Fun, escapist holiday reading (3.5 stars)
Source- review copy (Goodreads Early Read)
Published by Orion, July 2014
Paperback edition is 400 pages
I can recall absolutely devouring some of Veronica Henry’s books last year, including the utterly fabulous The Beach Hut, which followed the lives of the inhabitants of a fictional Dorset town across one memorable summer. There were secrets, scandals and romance and it was a thoroughly engaging read, made all the better by the fact that I curled up in the back garden in a deckchair and ploughed my way through it on an unusually hot summer’s day! So, when I heard that a sequel was being released, I knew I MUST read it.
Oh, and look at that lovely cover too:
Gorgeous! Doesn’t it just suggest the best kind of holiday reading? There is something so traditional and nostalgic about a seaside beach hut, don’t you think? Not to mention: romantic. They look so cosy, twee and charming.
Anyways, though a sequel of sorts, happily The Beach Hut Next Door can be experienced as a standalone read with no problems whatsoever. The characters are different and the only similarity is the setting of the stunning sounding Everdene and the row of glorious sounding beach huts. I really, really want to go and stay in one of those myself now (In fact, Veronica Henry could be downright dangerous to my bank balance- after reading her brilliant Night On The Orient Express, I found myself on the internet perusing ticket prices for that very train journey!).
The novel offers a tantalising, almost voyeuristic glimpse of the people within the close-knit Everdene community- some long term residents and others staying there just for the summer. Some of our encounters with them provide a lot of depth as we get to know their circumstances- what is happening in their relationships or turmoil they have experienced in their lives, others are merely fleeting at just a couple of pages long, yet all are satisfying and beautifully concluded. The storylines are sometimes quirky or poignant yet all offer the ultimately satisfying happily ever after or at least the notion of it, though that’s not to say the plot is without substance as there are some slightly more serious themes woven into the characters back stories, too.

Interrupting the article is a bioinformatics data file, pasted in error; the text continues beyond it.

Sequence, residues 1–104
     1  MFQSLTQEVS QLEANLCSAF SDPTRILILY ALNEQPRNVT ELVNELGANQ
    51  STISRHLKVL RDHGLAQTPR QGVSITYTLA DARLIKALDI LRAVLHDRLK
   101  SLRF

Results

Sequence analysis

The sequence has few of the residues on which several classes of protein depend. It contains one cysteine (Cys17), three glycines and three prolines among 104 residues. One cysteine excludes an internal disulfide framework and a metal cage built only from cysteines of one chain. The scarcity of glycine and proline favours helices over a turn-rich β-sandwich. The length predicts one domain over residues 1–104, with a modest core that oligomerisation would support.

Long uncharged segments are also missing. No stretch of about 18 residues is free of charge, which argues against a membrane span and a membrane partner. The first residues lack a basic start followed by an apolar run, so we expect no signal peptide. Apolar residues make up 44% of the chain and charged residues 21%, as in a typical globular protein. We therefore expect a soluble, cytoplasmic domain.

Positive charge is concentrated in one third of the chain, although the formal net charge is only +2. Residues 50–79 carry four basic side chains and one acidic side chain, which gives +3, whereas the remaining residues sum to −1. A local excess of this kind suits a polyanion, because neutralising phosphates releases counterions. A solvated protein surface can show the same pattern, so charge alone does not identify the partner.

The book contains an interesting historical thread running all the way through that explores the life of Elodie and her own experiences of Everdene decades ago and now in the present. Whilst I found this to be enjoyable enough, I did feel that it detracted somewhat from the modern storylines, particularly as it didn’t especially focus on the beach huts very much. In that respect, I would have perhaps preferred to read more of the contemporary story threads and have further encounters with some of the characters within them as for me, these people remained the most interesting aspects of the story.
Though not quite as strong as its predecessor, I nonetheless found The Beach Hut Next Door to be an engaging, escapist read. I thoroughly appreciated its mix of interesting characters and the vivid coastal settings. This book is perfect holiday reading and is sure to be appreciated by fans of Milly Johnson or Sue Moorcroft.